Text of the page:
The FBI is reportedly attempting to confirm the identity of a 25 year old Somali-American from Minnessota, Abdullahi Ahmed, whom the militant group al-Shabaab claims carried out a suicide attack against African peacekeepers on Monday (AP, CNN, AP, Global Post). If confirmed, Ahmed, who reportedly made an audio recording last week encouraging other young Americans to join the Somali jihad, would be at least the third Somali-American suicide attacker to die in Somalia since 2008.  

And a federal judge on May 31 ordered prosecutors in the case of Mohamed Osman Mohamud, a Somali-American teenager who allegedly plotted to bomb Portland, Oregon’s Christmas Tree-lighting ceremony, to hand over a tape recorder and battery prosecutors say malfunctioned during the first meeting between Mohamud and undercover federal agents (Reuters, AP, OregonLive.com). Mohamud’s trial date was also set for April 10, 2010.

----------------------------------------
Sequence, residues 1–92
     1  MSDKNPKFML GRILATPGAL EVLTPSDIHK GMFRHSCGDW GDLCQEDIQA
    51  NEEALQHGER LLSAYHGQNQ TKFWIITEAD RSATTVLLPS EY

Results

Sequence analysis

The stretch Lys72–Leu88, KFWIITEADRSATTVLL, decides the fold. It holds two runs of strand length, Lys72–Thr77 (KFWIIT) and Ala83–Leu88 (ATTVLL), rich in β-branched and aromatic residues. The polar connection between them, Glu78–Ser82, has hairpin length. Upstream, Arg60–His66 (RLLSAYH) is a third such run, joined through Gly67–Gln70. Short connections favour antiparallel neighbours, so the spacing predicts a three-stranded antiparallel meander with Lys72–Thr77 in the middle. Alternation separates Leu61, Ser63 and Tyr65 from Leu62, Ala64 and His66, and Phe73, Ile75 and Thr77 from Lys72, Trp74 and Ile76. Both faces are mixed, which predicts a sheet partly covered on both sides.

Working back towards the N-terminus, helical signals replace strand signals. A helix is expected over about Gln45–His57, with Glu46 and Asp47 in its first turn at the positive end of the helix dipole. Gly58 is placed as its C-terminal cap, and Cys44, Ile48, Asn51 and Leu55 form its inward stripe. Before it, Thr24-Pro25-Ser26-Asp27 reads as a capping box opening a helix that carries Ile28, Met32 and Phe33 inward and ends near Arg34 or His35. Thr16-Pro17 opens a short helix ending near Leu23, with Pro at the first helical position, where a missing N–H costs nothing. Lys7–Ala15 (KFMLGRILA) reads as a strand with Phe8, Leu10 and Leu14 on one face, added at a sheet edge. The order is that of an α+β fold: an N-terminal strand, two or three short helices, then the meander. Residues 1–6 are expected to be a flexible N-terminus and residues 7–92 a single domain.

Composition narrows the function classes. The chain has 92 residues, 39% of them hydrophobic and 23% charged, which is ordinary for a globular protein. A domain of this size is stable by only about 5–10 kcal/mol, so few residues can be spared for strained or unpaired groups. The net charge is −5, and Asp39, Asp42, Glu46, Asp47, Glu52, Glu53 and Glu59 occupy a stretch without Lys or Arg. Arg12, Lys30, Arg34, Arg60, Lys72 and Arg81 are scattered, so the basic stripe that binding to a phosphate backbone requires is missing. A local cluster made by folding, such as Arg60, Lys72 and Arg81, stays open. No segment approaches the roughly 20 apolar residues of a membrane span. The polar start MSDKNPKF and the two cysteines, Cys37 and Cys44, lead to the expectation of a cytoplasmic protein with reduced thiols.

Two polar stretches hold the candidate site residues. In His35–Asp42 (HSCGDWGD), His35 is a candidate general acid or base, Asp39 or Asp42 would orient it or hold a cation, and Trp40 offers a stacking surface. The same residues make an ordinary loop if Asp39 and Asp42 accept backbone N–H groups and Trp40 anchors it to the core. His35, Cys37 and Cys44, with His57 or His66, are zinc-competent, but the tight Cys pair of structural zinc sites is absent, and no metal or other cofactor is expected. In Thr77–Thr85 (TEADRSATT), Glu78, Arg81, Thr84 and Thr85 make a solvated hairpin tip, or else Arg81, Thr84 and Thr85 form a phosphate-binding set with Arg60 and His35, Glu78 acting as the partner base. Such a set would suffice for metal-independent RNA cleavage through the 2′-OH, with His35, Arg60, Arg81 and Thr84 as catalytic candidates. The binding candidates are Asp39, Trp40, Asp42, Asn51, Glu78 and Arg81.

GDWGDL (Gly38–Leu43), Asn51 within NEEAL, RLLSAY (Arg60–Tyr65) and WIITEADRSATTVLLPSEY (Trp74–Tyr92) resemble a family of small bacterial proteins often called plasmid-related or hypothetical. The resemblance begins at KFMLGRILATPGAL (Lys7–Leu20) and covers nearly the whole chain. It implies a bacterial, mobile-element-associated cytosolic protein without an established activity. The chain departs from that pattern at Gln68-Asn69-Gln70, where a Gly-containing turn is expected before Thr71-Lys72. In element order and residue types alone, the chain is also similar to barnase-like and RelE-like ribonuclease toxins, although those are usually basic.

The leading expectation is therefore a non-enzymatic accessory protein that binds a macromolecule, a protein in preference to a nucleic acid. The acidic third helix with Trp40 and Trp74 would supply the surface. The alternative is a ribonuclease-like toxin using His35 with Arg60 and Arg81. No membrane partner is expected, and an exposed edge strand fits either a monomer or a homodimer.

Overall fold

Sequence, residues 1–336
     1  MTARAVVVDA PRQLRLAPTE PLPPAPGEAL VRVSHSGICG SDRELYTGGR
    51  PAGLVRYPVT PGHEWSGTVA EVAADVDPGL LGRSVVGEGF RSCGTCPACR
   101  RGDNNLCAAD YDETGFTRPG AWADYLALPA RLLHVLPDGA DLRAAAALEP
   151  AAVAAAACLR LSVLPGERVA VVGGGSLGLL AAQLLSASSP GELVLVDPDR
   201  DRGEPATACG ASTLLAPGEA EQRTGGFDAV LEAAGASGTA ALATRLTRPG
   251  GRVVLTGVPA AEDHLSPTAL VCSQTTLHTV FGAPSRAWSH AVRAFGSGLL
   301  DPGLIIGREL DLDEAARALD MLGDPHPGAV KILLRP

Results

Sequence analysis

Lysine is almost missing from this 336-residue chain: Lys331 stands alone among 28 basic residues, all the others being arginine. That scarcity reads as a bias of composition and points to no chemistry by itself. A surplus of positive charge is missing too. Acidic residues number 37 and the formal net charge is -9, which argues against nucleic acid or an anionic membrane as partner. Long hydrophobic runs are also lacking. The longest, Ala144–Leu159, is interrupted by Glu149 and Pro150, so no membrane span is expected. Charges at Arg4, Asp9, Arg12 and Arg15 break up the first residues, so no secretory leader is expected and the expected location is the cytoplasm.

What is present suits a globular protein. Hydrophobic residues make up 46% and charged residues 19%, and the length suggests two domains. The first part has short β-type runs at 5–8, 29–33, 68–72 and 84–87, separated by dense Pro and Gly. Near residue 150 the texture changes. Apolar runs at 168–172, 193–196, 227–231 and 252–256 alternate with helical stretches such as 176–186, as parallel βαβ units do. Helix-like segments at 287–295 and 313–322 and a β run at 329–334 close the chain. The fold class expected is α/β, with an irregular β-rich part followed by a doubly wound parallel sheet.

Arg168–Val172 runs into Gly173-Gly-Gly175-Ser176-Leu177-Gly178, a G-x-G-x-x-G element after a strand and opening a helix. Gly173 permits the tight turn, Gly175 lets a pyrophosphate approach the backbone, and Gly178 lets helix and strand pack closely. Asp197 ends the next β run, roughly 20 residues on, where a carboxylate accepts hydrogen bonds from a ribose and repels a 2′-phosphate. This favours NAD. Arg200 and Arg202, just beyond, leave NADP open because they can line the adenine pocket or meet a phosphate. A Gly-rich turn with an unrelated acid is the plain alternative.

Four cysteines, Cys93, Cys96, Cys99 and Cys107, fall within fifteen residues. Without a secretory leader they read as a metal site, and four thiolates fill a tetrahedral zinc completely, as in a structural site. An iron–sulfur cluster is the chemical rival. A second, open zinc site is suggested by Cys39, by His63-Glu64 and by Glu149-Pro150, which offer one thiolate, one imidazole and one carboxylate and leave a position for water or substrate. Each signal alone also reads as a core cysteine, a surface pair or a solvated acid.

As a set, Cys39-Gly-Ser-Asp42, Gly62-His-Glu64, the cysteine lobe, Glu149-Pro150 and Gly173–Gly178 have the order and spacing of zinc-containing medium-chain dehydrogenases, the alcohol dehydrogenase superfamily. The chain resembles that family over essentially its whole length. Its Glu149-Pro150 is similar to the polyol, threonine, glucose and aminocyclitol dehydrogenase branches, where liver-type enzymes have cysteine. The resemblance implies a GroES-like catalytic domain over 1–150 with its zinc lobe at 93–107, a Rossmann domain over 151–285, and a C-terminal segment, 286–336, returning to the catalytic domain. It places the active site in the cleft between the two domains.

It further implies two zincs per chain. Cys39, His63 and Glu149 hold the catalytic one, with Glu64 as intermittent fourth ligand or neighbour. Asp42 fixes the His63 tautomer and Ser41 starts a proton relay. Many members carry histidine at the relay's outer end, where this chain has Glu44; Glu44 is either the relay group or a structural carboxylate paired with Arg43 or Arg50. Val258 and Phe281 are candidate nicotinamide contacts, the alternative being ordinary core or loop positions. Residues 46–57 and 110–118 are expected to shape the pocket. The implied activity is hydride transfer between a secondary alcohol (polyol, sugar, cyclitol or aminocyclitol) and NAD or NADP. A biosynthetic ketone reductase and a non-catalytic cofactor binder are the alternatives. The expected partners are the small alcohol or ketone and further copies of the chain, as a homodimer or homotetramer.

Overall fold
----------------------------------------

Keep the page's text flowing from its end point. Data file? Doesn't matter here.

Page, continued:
Charges re-sworn against KSM, 9/11 plotters

U.S. military prosecutors re-filed murder, terrorism and conspiracy charges against 9/11 plotter Khalid Shaikh Mohammed and four others on May 31, the first step towards a military trial and possible death sentence for the men (AP, Miami Herald, NYT, Washington Post, National Journal). The men, currently held at Guantánamo Bay, originally faced these charges in 2008, but they were dropped in 2009 so that the plotters could be tried in civilian court, a plan abandoned this year due to intense political opposition. However, an arraignment in the case is not likely for several months, and if convicted, authorities do not know how the defendants would be executed — that is left open to the Secretary of Defense (Miami Herald).